William G. Nelson, MD, PhD Photo by Joe Rubino

SPECTACULAR NEW COMPUTER TOOLS for managing large amounts of information are moving beyond merely importing, archiving and organizing data. Today, they can generate inferences that allow for more efficient web searching, suggested music and video playlists, highly tailored advertising, and speech and facial recognition. Already available or on the immediate horizon are creative chatbots like ChatGPT and self-driving cars.

The artificial intelligence (AI) revolution has important implications for all of medicine, and especially for precision cancer care. The first wave of medical AI tools has impacted technologies like mammography and CT scans used in radiographic imaging and microscopy used to examine tissue biopsies and surgical resection specimens.

The AI field may well have been created at the Dartmouth Summer Research Project on Artificial Intelligence, a six-week workshop held in the summer of 1956 at Dartmouth College in Hanover, New Hampshire, that attracted a cadre of forward-thinking mathematicians, engineers, psychologists and others. The attendees tried to imagine what might be needed to create an artificial brain, considering most of the significant domains of the field—domains that remain relevant today.

As computers became faster and large amounts of data became increasingly available, ongoing improvements in algorithmic tools, particularly those involved in statistics-based machine learning, began to deliver impressive achievements. On May 11, 1997, Deep Blue, a chess-playing computer built by IBM, defeated grandmaster Garry Kasparov two games to one, with three draws. On Feb. 16, 2011, IBM Watson defeated Ken Jennings and Brad Rutter, two of the greatest Jeopardy! quiz show champions, earning $77,147 to Jennings’ and Rutter’s $24,000 and $21,600, respectively.

More recently, statistical and machine-learning algorithms, including neural networks and layers of neural networks termed “deep learning,” have allowed increasingly refined pattern recognition and classification. When applied to medical imaging and diagnostic pathology, these types of image analyses can aid in cancer detection and diagnosis, and in determining cancer aggressiveness. Advances in radiographic image acquisition and pathology slide scanning—leading to much larger amounts of data collected—are making AI-aided interpretations increasingly essential.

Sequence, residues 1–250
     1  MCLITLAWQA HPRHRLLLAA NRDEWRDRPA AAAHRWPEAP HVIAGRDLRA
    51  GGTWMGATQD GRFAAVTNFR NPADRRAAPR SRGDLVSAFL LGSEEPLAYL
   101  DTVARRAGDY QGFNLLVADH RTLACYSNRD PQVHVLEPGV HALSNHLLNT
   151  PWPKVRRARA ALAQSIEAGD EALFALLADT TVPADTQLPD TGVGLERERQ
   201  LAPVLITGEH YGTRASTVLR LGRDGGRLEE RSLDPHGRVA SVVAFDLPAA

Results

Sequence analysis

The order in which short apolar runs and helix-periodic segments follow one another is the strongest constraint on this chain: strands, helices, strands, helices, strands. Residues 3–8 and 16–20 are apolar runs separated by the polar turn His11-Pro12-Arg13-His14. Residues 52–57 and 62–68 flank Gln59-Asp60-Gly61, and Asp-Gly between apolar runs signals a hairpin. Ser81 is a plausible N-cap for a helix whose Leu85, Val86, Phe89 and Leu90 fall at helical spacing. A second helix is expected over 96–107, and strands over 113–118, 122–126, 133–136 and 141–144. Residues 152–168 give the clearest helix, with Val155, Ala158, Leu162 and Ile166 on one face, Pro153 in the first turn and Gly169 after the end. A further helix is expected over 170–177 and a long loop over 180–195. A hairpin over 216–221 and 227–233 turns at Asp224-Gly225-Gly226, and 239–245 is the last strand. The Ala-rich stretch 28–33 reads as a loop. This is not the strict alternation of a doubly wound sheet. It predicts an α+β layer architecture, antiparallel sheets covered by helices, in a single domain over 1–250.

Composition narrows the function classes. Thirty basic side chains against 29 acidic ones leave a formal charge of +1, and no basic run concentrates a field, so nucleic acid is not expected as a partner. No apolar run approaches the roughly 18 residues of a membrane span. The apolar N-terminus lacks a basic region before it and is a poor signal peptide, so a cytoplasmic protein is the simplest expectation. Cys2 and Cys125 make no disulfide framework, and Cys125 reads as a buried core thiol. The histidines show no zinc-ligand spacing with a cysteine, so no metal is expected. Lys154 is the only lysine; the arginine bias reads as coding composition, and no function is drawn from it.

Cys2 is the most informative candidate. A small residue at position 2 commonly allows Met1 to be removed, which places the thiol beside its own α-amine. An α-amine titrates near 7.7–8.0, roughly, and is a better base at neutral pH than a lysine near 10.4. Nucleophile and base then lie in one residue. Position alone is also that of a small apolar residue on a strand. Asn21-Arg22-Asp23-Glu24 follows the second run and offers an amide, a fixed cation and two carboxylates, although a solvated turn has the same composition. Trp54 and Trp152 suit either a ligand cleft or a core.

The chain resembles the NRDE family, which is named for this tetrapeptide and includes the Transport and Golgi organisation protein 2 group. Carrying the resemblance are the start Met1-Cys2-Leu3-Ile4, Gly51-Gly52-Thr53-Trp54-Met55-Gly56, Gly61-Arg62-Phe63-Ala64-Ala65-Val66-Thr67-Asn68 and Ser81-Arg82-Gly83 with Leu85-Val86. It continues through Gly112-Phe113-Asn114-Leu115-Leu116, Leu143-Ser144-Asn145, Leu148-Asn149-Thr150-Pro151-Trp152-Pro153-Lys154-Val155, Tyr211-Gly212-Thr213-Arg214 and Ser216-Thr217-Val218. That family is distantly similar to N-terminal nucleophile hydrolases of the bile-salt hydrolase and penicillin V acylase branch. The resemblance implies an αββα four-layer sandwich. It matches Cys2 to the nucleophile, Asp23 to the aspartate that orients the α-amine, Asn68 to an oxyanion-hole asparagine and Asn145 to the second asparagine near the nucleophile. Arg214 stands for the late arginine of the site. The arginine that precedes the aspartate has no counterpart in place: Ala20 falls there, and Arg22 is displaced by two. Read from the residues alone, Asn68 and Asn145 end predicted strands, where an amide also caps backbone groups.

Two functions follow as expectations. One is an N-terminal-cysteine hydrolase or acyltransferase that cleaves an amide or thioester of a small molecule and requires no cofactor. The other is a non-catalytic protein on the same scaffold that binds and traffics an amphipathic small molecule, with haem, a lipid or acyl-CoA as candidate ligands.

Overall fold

Historically, radiologists gazed at X-ray pictures and pathologists looked through microscopes. Both used their eyes to resolve features and their brain to recognize patterns from the lower-resolution images obtained through these methods. However, technological advances have increased the resolution and data richness of the images, producing vast amounts of data beyond what the human eye and brain can process, making AI-based assistance invaluable.

The basic strategy used for building AI tools to aid radiology and pathology is to “train” a computer algorithm using a large collection of image files from cases with known outcomes, such as cancer versus noncancer, aggressive cancer versus nonaggressive cancer, and so on, and then to validate the algorithm using a second set of cases. Subsequently, the algorithm can continue to improve as it analyzes more image files.

These approaches will quickly work their way into common clinical practice. In 2021, the Food and Drug Administration released an Artificial Intelligence/Machine Learning Action Plan, anticipating a wave of device applications featuring computer-aided approaches to a wide variety of medical indications. By October 2022, 521 approvals of AI-aided medical devices had been made.

So far, AI has not replaced expert radiologists or pathologists. Rather, the refined classification capabilities have been used to direct the human eye to critical image features. Will this improve precision cancer medicine by evolving into a more highly functioning human-machine interface? As the noted sage Yogi Berra once pointed out, “It’s tough to make predictions, especially about the future.”

William G. Nelson, MD, PhD, is the director of the Johns Hopkins Kimmel Cancer Center in Baltimore.